Parametric design of floating wind turbines
Author(s)Tracy, Christopher (Christopher Henry)
Massachusetts Institute of Technology. Dept. of Mechanical Engineering.
Paul D. Sclavounos.
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As the price of energy increases and wind turbine technology matures, it is evident that cost effective designs for floating wind turbines are needed. The next frontier for wind power is the ocean, yet development in near shore waters has been slowed by aesthetic concerns of coastal residents. Going further offshore eliminates these aesthetic concerns and has the additional advantage of stronger and more consistent winds. However, the vast majority of promising locations beyond the view of land are in sufficiently deep water to make building a rigid structure to the ocean floor economically infeasible. Cost effective floating structures are needed to enable wind farm installation in deep water and increase the world's installed base of renewable energy. This thesis presents a parametric approach to the design of these floating structures for offshore wind turbines. It starts with the relevant design concepts from the offshore oil gas industry and presents appropriate combinations of structures and mooring systems that meet the requirements for a generic five mega watt wind turbine. The results of the parametric study are a number of designs that show Pareto fronts for mean square acceleration of the turbine versus multiple cost drivers for the offshore structure. These cost drivers include displacement of the floating structure and total mooring line tension.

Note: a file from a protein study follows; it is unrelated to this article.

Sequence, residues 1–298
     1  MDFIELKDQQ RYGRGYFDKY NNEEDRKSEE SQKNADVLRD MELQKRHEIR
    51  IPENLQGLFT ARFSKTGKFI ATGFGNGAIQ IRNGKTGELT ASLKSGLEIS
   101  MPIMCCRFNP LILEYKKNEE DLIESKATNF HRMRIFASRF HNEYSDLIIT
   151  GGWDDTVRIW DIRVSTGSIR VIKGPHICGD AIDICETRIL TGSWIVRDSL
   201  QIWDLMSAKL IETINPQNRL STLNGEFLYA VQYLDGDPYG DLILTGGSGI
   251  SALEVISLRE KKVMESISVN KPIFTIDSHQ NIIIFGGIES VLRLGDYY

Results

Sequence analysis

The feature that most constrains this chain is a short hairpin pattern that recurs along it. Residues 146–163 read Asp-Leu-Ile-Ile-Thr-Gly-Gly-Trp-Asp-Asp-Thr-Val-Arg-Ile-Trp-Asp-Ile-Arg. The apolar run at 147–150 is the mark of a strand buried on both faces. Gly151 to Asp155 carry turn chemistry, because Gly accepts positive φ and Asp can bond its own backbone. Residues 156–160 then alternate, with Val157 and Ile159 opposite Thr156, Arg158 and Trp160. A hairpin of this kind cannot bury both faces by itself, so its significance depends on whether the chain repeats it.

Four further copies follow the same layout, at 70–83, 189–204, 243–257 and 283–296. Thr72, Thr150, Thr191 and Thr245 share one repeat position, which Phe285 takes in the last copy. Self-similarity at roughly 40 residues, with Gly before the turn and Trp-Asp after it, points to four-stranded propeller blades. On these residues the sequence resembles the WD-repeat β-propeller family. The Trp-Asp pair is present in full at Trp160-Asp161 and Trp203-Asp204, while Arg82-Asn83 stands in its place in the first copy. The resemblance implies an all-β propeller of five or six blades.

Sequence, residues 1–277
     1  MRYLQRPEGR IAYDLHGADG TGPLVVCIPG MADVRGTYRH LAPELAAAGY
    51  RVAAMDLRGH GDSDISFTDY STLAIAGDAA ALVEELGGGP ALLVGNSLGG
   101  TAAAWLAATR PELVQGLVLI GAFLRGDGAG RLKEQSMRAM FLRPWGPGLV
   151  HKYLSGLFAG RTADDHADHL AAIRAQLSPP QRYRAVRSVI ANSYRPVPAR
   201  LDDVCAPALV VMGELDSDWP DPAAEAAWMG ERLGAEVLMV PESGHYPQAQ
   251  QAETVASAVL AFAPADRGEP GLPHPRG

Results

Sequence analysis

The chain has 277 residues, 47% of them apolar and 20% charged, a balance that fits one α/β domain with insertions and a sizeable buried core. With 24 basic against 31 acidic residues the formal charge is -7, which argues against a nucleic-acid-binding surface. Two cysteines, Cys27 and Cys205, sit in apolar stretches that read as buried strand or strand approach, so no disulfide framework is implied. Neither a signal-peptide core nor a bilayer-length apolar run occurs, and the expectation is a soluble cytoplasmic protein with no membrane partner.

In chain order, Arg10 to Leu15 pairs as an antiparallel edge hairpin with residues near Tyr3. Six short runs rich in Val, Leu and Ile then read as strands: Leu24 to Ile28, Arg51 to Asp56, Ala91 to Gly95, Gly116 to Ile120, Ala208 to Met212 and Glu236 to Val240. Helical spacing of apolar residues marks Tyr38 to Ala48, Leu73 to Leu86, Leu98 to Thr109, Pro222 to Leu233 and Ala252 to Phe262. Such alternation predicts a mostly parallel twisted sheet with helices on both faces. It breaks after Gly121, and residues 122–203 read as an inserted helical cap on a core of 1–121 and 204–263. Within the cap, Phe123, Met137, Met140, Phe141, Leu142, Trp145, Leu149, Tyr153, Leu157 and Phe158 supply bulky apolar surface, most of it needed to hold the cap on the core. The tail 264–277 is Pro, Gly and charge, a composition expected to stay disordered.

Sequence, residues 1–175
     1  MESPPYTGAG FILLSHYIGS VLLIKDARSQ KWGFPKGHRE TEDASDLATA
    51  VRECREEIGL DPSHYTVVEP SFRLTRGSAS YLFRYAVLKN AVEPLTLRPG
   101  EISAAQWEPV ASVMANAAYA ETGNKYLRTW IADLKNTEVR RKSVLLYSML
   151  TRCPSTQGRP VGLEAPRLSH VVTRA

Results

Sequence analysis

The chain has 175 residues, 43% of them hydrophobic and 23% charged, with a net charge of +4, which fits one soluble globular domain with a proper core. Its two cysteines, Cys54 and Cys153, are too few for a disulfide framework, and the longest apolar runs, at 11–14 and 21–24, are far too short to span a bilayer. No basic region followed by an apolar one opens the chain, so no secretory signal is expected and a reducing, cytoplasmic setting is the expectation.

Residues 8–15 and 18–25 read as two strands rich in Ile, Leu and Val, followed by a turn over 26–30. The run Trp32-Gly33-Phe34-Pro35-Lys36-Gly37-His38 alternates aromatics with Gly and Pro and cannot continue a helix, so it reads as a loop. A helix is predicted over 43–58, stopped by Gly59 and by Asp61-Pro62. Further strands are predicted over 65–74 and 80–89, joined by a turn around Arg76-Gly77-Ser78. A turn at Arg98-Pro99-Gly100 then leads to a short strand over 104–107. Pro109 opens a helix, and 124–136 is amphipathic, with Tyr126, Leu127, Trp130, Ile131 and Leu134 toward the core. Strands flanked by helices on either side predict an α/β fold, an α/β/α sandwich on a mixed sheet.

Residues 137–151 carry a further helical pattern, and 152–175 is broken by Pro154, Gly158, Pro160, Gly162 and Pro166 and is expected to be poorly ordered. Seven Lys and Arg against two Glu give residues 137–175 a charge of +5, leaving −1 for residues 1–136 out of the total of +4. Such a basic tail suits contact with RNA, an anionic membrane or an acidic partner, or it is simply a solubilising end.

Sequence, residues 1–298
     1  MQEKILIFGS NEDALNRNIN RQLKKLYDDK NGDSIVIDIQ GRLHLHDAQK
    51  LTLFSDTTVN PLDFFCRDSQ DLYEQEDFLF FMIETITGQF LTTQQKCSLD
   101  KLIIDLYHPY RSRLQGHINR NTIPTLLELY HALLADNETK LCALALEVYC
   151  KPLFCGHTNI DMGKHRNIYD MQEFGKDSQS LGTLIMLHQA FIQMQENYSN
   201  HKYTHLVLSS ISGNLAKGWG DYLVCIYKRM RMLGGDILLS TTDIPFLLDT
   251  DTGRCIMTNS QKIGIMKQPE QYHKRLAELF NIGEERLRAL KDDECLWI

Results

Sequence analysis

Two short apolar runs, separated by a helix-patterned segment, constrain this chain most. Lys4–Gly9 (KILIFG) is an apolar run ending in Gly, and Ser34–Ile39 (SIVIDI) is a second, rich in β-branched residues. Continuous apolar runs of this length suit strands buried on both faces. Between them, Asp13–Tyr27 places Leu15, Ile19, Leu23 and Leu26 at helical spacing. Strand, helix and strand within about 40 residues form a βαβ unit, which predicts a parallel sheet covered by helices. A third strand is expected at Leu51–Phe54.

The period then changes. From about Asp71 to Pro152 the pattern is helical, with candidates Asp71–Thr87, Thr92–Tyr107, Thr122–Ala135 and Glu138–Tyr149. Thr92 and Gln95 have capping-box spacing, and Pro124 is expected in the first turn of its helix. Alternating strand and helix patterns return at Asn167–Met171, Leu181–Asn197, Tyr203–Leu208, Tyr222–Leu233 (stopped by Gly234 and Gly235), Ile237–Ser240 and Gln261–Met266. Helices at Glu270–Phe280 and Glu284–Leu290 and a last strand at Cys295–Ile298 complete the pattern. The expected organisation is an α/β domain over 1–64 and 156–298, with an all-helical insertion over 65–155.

Thesis (S.M.)--Massachusetts Institute of Technology, Dept. of Mechanical Engineering, 2007.Includes bibliographical references.
DepartmentMassachusetts Institute of Technology. Dept. of Mechanical Engineering.
Massachusetts Institute of Technology